Sunday, September 9, 2018

The Oath Stone Moves to Keningau Warisan Museum













The relocation ceremony of the Keningau Oath Stone or Batu Sumpah was led by bobolian (shaman) Muri Gulim (3rd right) at Keningau, Sabah, September 9, 2018. Bernama pic

The historical artifact known as the Keningau Oath Stone or Batu Sumpah, steeped in the Kadazandusun and Murut customs, was finally moved from the Keningau district secretariat office to the Keningau Warisan Museum. 

The ceremony was officiated by Sabah Tourism, Culture and Environment Minister’s political secretary Raymond Ahuar. 

The Oath Stone is of historical importance, not only for Keningau and Sabah – but Malaysia as a whole as its existence is closely related to the formation of Malaysia. 

It carries the agreement that the demands of Sabahan natives were consented to by the Federal Government, in exchange for their support for the formation of Malaysia on September 16,1963.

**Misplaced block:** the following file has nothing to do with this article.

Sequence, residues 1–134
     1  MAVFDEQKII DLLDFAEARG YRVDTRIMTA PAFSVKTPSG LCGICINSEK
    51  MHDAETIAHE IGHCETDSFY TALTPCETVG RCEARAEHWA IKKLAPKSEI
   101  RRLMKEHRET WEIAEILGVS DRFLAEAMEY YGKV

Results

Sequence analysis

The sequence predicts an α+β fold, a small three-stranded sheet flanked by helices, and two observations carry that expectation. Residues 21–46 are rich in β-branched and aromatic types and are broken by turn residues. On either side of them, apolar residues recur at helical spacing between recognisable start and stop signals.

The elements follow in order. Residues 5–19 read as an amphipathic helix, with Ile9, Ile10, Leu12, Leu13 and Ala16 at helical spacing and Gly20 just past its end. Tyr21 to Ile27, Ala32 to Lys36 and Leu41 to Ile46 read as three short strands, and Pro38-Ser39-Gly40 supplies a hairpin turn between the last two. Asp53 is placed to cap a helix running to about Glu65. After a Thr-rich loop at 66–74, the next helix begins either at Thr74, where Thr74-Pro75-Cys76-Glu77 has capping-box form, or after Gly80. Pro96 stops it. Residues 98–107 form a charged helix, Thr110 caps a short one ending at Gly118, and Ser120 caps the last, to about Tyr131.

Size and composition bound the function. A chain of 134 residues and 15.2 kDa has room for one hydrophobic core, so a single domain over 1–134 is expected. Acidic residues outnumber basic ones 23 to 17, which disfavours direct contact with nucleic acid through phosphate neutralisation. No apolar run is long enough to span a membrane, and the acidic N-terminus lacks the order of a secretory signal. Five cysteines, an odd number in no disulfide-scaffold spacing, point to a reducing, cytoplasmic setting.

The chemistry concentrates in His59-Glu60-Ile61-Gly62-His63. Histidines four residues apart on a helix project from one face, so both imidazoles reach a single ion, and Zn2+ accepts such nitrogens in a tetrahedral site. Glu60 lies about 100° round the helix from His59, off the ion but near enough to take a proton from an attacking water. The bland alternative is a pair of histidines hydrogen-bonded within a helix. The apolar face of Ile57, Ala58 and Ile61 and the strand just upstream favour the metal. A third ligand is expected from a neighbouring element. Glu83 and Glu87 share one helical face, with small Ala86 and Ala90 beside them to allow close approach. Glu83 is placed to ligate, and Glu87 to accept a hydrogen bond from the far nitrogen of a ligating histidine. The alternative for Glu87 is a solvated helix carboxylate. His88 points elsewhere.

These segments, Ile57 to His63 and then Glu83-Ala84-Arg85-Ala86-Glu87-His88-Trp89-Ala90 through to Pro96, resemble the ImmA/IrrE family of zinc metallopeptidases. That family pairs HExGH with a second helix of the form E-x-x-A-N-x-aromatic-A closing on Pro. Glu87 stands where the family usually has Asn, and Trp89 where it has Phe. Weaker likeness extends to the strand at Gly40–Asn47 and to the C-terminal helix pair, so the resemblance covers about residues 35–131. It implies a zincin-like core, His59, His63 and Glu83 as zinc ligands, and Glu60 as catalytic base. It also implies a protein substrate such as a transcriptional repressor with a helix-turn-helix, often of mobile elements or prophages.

This was because the interior natives led by OKK Sedomon were against the idea of Malaysia even after a year of its formation. 

Then first appointed Chief Minister Donald (later Fuad) Stephens despatched the Resident of Keningau, Richard Lind to find out how they can be convinced to support newly-formed Malaysia. 

The natives said they do not subscribe to any written agreement that could be discarded into the bin by future leaders but only the erection of a stone with three of the 20-Point demands etched into it, namely religious freedom, respect for native laws and adat and for lands to come under State jurisdiction. 

A suitable boulder from the Pegalan river was found and extracted and a plaque with the three guarantees were affixed. 

Its unveiling on August 31, 1964 was also symbolic because that was the day in which the original date for the formation of Malaysia was supposed to take place the year earlier until delayed by Indonesian and Philippine protests, both of which had been against the two Borneo states joining Malaya and become the new Malaysia. 

Even today, for Sabahans, the Keningau Batu Sumpah serves to not only assure but remind them that their rights to religious freedom, land, culture and customs are fully guaranteed.

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